Academy Soccer: Tradition Never Graduates 7

I attended the Academy soccer awards night last night and decided that I would put up the piece I submitted to the MasterMind Media about the group of guys and girls that I coached the past few months. They were truly a team in every sense of the word and while I may have teased them or pushed them at times,  I still gained a lot of respect for them with they way they work as a unit and have developed individually.

Although the Academy soccer team may not have had the greatest season in program history, the development of younger talent and establishment of camaraderie is unlike anything I have seen from an Academy team. I was part of the few students that lobbied the administration and the district for Academy’s first ever sports program and I have been a part of or have been following the team since its inception in the 2003 season.

When I first started assisting in coaching these young student-athletes, I really did not know what to expect. I had been removed from high school life for over three years and that certainly brings some change in the environment. However, these athletes were eager to learn in practice like I have never seen before. They were ready to learn and accept advice from each other and more importantly from a stranger most of them had never seen or even heard of before. Some were real easy to talk to because they would come seek your advice or just be around looking to discuss every other play while for others, it was a little more of a  daunting challenge but nothing insurmountable.

It is never an easy task to change the collective mindset of a team with 20+ bodies, but the learning environment helps. Coach McNulty long ago instilled the confidence and belief in me that individual talent can be beaten by a cooperative team effort any day of the week. That is one of the most visible trademarks of her teams and you can see from a mile away. She may not always have the most talented team but you know her coaching style is going to tap the most potential out of every player that steps into a game and in return the players soar to success that would not have been possible otherwise.

There have been Academy teams that relied solely on a couple of star players to carry the team then there has been a year dominated by 10 or 11 players from the same class year but this year was different. They had a few players with prior varsity experience, several more with competitive soccer experience but then there were those that joined the program with little to absolutely no experience. It’s never an easy task to play your first competitive form of soccer at the high school varsity level but it has been done before – I did it during the program’s first year along with a couple of my teammates.

There are moments during the course of a season that are similar to those in life. They have the potential of breeding leaders not only between the white lines on the soccer field but leaders of the next generation. Undersized, less experienced and even girls against boys, this team knows not to give up. There were plenty of opportunities for a team to pack it in when things were not going their way but that just does not happen here. It was vital for team leaders to rally the troops in the middle of the season and keep them working hard after each heart breaking loss. There will be games where the results will not come out in your favor but that does not mean the entire day was a waste – they rarely are at this age. The difference between the great teams and the rest of the pack is they take yesterday’s efforts and mistakes and incorporate them into a better tomorrow – into a more successful tomorrow.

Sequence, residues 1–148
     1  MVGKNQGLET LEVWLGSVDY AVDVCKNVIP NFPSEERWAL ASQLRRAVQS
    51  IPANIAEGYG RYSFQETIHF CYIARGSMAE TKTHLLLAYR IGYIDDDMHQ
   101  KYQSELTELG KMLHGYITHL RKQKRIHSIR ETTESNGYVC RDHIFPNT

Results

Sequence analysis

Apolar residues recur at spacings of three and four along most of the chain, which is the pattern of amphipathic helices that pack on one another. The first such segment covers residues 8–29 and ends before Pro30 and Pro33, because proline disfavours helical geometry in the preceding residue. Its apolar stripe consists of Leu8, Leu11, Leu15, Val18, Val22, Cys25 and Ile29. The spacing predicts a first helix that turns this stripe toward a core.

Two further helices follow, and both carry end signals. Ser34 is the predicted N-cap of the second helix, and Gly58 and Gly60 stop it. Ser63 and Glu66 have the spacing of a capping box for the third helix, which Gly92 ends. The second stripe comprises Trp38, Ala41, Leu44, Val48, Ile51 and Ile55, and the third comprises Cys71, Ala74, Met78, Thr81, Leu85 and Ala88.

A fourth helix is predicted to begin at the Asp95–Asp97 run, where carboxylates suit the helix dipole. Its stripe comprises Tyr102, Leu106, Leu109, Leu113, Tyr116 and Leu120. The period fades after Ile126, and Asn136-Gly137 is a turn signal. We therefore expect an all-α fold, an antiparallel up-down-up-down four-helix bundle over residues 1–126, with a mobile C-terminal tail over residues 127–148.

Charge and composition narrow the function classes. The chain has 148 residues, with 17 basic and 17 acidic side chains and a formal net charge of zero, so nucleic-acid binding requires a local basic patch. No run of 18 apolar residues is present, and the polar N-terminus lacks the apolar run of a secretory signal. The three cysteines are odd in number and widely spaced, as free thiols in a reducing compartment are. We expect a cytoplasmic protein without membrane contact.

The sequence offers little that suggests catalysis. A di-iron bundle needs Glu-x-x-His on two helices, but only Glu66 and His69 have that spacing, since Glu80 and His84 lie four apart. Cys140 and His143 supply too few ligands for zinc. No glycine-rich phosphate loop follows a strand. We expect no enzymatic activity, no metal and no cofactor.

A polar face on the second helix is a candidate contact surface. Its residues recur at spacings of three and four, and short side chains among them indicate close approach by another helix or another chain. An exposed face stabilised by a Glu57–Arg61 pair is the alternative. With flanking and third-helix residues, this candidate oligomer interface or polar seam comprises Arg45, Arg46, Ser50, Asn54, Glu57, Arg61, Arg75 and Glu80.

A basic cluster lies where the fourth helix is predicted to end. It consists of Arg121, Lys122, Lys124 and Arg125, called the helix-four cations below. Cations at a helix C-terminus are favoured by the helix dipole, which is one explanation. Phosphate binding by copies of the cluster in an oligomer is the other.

They could have quit before the season was done but that is not way of Academy soccer. There may be different players year after year who wear the black and gold uniforms but tradition never graduates through the doors at the Academy.

My toughest loss in the two years that I played for the Eagles would have been a 1-0 loss to Highland Park in the GMC Tournament of 2004. We had previously lost to this team twice in the regular season by a combined score of 10-1. We were taught not to care what the score was in the regular season and believed we could keep up with the team step for step, play for play. It was probably the toughest one to swallow because that game seemed to be hardest we collectively played as a team even though we failed to capitalize on a couple of scoring opportunities. I know the motto has long been “next touch” for a while and apologizing for mistake is a big taboo around this year’s team but that was the one game I apologized to my teammates. It didn’t matter to me that I had made plenty of crucial saves in that made, stopped a penalty kick late in the second half to keep the game at 1-0. The one goal I did allow that game came off of a free kick just outside the box that had managed to roll past my fingers as I dove for the far corner.

I probably played the game of my life that Saturday – making saves that I had no right to make and stopping shots that would have gone in on any other day. However, that is what happens when there is a team chemistry built on confidence and trust. My backs knew they could come and talk in between plays to offer suggestions. The midfielders knew that if the goalkeeper was yelling, they would lend me an ear while continuing to focus on the defender. There are no individual feelings hurt during the game. You win and lose as a team. The standings following every game say whether Academy won or Academy lost. It doesn’t say the defenders lost the game, the forwards won the game or the goalkeepers forced the tie. Each and every result happens as a group.

We celebrated every victory with respect because we had come to a realization of what kind of dedication and hard work it took to get it but more importantly, we picked each other up after each and every heartbreaking loss. We took pride in the way we played and therefore personally took it upon ourselves after every loss personally and used it as motivation for the next practice, the next game.

It was one heck of an experience to work with the 23 people of the Academy varsity squad and I can only hope it was half as much of a learning experience for them as it was for me to be around them all year long. I was proud to be a part of this team this year and if opportunities allow, I would love to continue to help the program that has given me so much. I fully expect the returning letter winners from this year will continue to improve and push each other in the off season to improve the team full of plenty of young talents with a lot of potential.

As the seasons continue to come and go, let us never forget that no matter happens and no matter who is playing…

Tradition never graduates.